In 1980 the NFL was marveling at the performance of future Hall of Fame TE Kellen Winslow in San Diego. When he burst onto the scene with 89 receptions, a record for Tight Ends at the time, for 1,290 and 9TDs. He became the measuring stick for all who would play his position especially with this only his 2nd season.

When he completed the ’81 season with 88 receptions only future Hall of Famer Ozzie Newsome was anywhere near Winslow on the marquee. Or so pundits thought.

In 1981 after becoming the 1st defending Super Bowl champion to finish with a losing record (7-9) the following season, the Raiders had to make changes. The 1st is they moved to L.A. then drafted super back Marcus Allen then following an old Raider tradition, converted a former running back into a Tight End…. Todd Christensen. If you went back 2 decades before, the Raiders converted former Heisman Trophy winner Billy Cannon from RB to TE and sparked their run to Super Bowl II.

The ’82 Raiders had the NFL’s best record in a strike shortened season at 8-1, and Christensen finished 5th in receiving among TEs with 42 receptions for 510 yds and 4 TDs. Although the Raiders were upset 17-14 by the NY Jets in the AFC playoffs, a star was born.  The next year saw the Raiders cement the notion they had supplanted the Air Coryell Chargers as the best of the AFC West.

Every great player needs a signature game and in the 14th week of 1983 the Chargers were hosting the Raiders in a special Thursday Night telecast. To add to the excitement both Christensen and Winslow were on pace to tie or break Kellen’s TE record of ’89 receptions set in 1980. In front of a nationwide audience Todd proved his worth.

 

 

Buoyed by this great performance the Raiders propelled themselves to the AFC’s best record at 12-4. Not only did the Raiders go on to win Super Bowl XVIII, Christensen unseated Winslow as the game’s premiere tight end as the loss also ended the reign of “Air Coryell”. His 8 receptions 140 yards and 3 TDs completely outshone his Charger counterpart’s 4 catches for 30 yards. This was the difference between Todd’s record of 92 receptions to Winslow’s 88 to conclude ’83.

Los Angeles Raiders tight end Todd Christensen (46) blocks New York Giants linebacker Carl Banks (58) during a 14-9 Giants victory on September 21, 1986, at the Los Angeles Memorial Coliseum in Los Angeles, California. (AP Photo/NFL Photos)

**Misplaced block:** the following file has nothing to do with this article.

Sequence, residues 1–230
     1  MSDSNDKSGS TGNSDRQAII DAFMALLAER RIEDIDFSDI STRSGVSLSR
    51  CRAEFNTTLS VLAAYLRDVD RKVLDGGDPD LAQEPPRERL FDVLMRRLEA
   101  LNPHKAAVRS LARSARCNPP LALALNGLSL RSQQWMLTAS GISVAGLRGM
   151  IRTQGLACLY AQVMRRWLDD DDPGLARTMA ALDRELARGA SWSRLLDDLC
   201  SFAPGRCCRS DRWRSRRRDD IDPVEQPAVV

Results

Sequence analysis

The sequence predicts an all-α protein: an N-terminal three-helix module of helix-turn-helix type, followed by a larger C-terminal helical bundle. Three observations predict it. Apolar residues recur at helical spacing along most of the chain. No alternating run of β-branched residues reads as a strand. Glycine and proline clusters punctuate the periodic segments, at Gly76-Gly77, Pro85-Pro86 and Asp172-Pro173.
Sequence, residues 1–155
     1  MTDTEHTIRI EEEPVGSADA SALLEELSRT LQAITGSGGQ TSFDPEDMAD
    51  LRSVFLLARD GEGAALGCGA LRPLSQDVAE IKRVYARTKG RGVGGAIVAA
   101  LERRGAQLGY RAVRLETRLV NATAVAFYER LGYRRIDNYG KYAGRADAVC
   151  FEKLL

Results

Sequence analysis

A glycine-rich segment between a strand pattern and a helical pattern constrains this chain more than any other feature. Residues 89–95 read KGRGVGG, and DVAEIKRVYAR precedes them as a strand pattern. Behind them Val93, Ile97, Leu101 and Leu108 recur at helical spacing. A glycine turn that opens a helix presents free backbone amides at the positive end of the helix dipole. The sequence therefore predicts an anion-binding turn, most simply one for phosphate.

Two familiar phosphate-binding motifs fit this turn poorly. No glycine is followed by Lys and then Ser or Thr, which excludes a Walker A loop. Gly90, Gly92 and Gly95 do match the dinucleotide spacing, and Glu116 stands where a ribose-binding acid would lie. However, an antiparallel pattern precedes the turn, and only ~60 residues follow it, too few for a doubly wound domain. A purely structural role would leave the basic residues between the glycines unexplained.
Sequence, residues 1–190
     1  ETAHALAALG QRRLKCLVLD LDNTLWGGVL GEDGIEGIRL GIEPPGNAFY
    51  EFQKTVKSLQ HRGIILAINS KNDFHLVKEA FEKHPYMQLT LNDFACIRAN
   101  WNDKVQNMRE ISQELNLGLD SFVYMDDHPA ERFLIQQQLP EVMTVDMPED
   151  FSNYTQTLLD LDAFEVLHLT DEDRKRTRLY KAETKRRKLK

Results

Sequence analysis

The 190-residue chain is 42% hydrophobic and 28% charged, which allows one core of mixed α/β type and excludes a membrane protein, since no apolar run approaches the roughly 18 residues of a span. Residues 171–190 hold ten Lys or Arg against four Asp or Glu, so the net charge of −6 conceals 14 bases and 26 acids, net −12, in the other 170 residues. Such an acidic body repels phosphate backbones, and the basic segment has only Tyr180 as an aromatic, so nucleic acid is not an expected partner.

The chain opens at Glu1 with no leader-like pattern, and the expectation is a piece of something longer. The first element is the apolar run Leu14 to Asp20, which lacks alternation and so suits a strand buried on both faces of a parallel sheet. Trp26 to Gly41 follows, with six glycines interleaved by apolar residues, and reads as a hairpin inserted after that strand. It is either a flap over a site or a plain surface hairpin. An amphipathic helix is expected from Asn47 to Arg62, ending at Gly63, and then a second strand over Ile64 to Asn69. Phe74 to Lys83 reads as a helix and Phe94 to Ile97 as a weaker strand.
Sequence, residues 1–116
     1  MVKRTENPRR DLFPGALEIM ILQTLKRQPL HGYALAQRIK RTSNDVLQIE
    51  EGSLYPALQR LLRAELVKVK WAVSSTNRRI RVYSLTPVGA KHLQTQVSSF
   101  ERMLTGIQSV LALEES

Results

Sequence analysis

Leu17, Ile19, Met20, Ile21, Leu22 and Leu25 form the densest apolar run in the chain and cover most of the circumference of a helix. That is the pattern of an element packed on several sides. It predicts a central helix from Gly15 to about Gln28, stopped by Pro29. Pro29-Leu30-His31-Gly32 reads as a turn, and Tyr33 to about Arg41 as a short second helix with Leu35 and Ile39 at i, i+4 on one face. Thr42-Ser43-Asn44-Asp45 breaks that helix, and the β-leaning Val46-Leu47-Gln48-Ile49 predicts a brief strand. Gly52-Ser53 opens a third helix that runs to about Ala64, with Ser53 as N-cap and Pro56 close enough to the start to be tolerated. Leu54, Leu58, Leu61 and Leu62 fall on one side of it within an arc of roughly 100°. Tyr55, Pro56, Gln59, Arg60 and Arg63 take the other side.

As injuries slowed Winslow it was Christensen who went on to maintain Pro Bowl level of play through 1987 when he went to his 5th straight. One aspect of a Tight End is to remember the primary role is to be a blocker. In the ’85 campaign he helped pave the way for NFL rushing champion Marcus Allen who ran for 1,759 yards. The following season he broke his previous NFL record for TEs as he nabbed 95 balls for 1,153 yards and 8 scores.

He led the NFL in receptions in 1983 and 1986 for all receivers not just Tight Ends.

In an era with 2 other Hall of Fame TEs Christensen had the best peak years.

  • Christensen ’83-’86: 349 rec. 4,394 yards 33 TDs *5 Pro Bowls*
  • Winslow ’80-’83: 319 rec. 4,258 yards 33 TDs *4 Pro Bowls*
  • Ozzie Newsome ’81-’84: 296 rec. 3,626 yards 20 TDs *3 Pro Bowls*
  • *Career Pro Bowls listed*

Now to be fair, Winslow and Newsome’s years include the strike shortened ’82 stanza which only had 9 regular season games. However keep in mind Todd was on special teams as a long snapper, set 2 receiving records at TE and blocked for 1985’s MVP and rushing champion Marcus Allen. Then don’t forget one of those record setting season was for a world champion when they won Super Bowl XVIII 38-9 over Washington.

Keep in mind his record for receptions in a season at TE was broken in 1994 by Ben Coates by 1 reception (96). Tony Gonzalez broke it in 2004 with 102 receptions, however Todd is the only one to have set the all time receptions record for a TE twice.

This isn’t to take away from the 2 gentlemen in “The Hall” from the same position, but how can Winslow (inducted in 1995) and Newsome (inducted in 1999) be in and we don’t even hear Christensen mentioned?? Is it because he was a late bloomer who went on to star on the 3rd team he played for?? Is this more of the media bias against Al Davis’ Raiders who seem to come up on the short end when it comes to Hall of Fame consideration??

A part of this has to do with the Raiders moving from Oakland to Los Angeles and then back to Oakland in 1995. Those Los Angeles sportswriters didn’t honor the team and campaign for those players once the team went back up north. Many sportswriters campaign for players whom they lobbied for their team to draft originally and usually in the 1st round. His rocky path to Oakland through Dallas and New York is why he didn’t have that.

Yet they have/had a responsibility and shouldn’t have taken it out on those player’s legacies. I see Bill Plaschke and J.A. Adande all the time on talk shows over on ESPN when they have an obligation as history’s gatekeepers with their fellow writers and they have failed. They are why Todd, Head Coach Tom FloresLester Hayes, and Cliff Branch are on the outside looking in. It’s time to right these injustices.

Christensen deserves to be enshrined in Canton. Although we lost Todd, who passed in 2013, his family and Raider teammates should be able to share in that final honor.

For induction into the Pro Football Hall of Fame, I present to you, Todd Christensen.

Dedicated in his memory: Todd Christensen (August 3, 1956 – November 13, 2013)